That’s the hardware, and there’s equally impressive software to go with it. Chevrolet’s excellent Performance Traction Management system, which allows the driver to dial in as much or as little assistance as desired, is standard. The ZL1 is also equipped with a Drive Mode Selector, letting you toggle from Eco mode all the way up to Track. It’s also got a new trick: Custom Launch Control, allowing you to dial in the exact launch rpm you need based on track conditions at the strip. Chevy’s Performance Data Recorder, which allows you to record video and data from your hot laps, is available.
Chevy is so confident in the Camaro ZL1’s track credentials that GM president Dan Ammann and executive vice president of global product development Mark Reuss surprised journalists with track rides at Nevada’s Spring Mountain Raceway on the Camaro Convertible launch. With Ammann and Reuss at the wheel, the 10-speed-equipped ZL1s were a thrilling ride. The Camaro is thrillingly quick—it hooks up and accelerates smoothly without the violence of something like a Challenger Hellcat. The 10-speed automatic appeared to shift instantly at the pull of the steering wheel-mounted paddles as the GM execs rattled up and down through the first six gears on the track. The Magnetic Ride shocks helped keep the Camaro ZL1 flat through corners, and it shrugged off the track’s curbing, much like the old Camaro Z/28.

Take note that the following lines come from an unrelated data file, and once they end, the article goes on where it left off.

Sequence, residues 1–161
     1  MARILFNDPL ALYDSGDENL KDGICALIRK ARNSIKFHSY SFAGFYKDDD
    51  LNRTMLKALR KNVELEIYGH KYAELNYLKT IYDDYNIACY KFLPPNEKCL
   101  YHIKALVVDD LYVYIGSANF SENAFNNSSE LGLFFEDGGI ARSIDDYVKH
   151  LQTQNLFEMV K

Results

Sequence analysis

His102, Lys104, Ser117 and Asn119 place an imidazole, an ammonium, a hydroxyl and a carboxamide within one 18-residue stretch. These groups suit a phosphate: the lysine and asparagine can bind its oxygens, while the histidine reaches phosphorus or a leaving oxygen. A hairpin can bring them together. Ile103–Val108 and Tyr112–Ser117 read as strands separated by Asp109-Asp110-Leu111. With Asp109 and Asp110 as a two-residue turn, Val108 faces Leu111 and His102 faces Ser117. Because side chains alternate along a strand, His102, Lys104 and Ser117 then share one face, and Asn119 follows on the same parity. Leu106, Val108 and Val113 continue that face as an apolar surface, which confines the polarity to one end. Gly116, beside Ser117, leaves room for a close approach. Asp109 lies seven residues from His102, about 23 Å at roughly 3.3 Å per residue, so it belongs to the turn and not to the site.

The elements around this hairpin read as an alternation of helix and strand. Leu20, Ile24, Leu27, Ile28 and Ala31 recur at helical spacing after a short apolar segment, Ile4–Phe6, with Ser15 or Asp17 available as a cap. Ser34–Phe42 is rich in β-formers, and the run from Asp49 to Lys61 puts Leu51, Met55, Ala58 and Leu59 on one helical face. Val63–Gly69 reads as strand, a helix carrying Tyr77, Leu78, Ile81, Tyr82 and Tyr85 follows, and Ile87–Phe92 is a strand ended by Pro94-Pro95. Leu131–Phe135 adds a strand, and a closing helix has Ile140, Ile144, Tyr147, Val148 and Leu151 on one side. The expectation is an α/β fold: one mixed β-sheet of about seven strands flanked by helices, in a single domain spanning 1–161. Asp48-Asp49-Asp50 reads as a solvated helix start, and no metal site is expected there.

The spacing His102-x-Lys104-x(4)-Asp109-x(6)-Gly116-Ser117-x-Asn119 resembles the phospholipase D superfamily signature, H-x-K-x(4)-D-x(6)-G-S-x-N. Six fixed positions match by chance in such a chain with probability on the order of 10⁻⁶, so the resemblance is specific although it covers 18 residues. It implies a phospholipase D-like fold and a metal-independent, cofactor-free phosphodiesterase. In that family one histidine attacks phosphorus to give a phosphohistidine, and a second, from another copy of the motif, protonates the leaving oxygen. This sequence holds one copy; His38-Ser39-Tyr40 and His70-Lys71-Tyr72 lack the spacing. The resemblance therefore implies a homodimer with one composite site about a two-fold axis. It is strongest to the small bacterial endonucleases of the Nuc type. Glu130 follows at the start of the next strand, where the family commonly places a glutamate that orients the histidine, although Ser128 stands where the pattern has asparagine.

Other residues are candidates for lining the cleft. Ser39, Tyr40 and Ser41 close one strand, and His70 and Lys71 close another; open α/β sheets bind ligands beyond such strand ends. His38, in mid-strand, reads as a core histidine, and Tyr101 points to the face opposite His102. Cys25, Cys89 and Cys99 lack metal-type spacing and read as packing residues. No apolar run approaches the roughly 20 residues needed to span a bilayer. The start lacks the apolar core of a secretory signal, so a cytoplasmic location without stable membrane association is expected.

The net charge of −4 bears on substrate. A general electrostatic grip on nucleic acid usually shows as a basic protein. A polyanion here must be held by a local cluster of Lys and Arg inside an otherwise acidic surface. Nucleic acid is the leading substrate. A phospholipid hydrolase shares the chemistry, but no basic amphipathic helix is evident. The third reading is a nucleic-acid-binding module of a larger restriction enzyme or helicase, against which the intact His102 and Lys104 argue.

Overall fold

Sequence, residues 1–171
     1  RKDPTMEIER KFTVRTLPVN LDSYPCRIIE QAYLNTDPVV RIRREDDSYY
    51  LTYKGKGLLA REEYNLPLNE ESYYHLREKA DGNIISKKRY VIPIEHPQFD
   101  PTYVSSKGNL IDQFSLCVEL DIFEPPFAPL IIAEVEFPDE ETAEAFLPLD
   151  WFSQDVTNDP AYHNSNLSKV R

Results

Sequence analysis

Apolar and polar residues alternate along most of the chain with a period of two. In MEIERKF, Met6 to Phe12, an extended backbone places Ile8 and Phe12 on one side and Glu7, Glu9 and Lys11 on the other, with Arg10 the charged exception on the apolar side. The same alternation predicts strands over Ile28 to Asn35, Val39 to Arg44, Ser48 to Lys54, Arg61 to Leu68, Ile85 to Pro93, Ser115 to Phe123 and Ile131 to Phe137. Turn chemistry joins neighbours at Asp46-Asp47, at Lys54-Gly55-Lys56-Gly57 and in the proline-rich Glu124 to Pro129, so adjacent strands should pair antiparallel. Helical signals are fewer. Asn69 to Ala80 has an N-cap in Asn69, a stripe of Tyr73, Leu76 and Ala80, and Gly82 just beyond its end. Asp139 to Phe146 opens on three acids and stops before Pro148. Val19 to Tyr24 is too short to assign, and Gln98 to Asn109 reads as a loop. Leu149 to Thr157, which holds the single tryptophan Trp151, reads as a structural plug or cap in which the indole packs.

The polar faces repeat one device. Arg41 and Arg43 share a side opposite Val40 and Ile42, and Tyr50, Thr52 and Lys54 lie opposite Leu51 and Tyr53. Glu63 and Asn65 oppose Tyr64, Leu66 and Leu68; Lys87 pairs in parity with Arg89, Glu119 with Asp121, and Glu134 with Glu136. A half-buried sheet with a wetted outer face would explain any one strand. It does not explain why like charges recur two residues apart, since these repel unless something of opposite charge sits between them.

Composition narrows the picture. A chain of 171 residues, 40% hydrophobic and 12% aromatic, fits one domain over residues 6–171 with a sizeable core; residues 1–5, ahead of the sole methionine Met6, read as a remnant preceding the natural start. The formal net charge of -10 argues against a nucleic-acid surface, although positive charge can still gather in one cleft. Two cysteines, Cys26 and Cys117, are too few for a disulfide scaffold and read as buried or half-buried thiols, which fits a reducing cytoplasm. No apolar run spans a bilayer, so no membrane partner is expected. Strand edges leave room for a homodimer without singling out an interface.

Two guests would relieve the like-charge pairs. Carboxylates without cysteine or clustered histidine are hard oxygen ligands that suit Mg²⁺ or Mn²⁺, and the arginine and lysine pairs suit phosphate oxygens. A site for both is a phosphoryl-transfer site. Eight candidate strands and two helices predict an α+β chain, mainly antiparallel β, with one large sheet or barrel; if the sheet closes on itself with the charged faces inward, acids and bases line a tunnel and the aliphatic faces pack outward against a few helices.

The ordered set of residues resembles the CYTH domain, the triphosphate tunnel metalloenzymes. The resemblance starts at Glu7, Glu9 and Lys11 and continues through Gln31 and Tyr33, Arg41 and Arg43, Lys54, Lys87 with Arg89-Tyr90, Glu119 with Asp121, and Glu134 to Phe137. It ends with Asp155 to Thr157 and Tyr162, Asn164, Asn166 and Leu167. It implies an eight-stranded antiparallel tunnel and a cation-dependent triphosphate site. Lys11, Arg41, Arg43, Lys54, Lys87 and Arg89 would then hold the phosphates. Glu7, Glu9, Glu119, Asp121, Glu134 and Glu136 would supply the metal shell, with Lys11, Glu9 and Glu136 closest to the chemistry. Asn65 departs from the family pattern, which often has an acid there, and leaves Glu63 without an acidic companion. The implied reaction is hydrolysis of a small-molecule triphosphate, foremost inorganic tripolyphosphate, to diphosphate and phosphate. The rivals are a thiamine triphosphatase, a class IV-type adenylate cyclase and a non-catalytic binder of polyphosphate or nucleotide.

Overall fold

After the lap we had a chance to catch up with Al Oppenheiser, the chief engineer behind the new Camaro. When we asked him if the new ZL1 was quicker around the track than the Z/28, he said, “The ZL1’s benchmark was the Z/28. And you know what benchmarks are for.”
The old ZL1 was good for a 3.9-second sprint to 60 mph at a 12.2-second quarter mile at 116.6 mph (188 km/h) on our test track, and we expect this lighter, more powerful car to bring those times down and that trap speed up. The old car’s 0.99 average sustained g and 24.0-second figure-eight lap time at 0.85 average g are both likely to bested, as well. The last ZL1’s 100-foot 60-to-zero stopping distance will be tough to beat, but that will probably fall, too. Given that old ZL1 was nipping at the heels of the 707-hp Dodge Challenger Hellcat on the dragstrip, this new car will likely outrun the Hellcat just as easily as it runs circles around the big coupe. Ford, if it does another Mustang GT500, will have a hell of a fight on its hands.
You can get yours late this year, sometime in the fourth quarter. Pricing hasn’t been announced, but the old model’s $57,650 USD starting price is likely indicative of where this new ZL1 will start.
|2016 Chevrolet Camaro ZL1|
|LAYOUT||Fr-eng, RWD, 4-pass, 2-door coupe|
|ENGINE||6.2L/640-hp/640-lb-ft s’ch’d OHV 16-valve V-8|
|TRANSMISSION||6-sp man; 10-sp auto|
|CURB WEIGHT||3,850 lb (MT est)|
|LENGTH x WIDTH x HEIGHT||188.3 x 74.7 x 53.1 in|
|0-60 MPH||3.3-3.5 sec (MT est)|
|EPA ECON||13-15/21-24/17-19 mpg (est)|
|ON SALE||Winter 2016|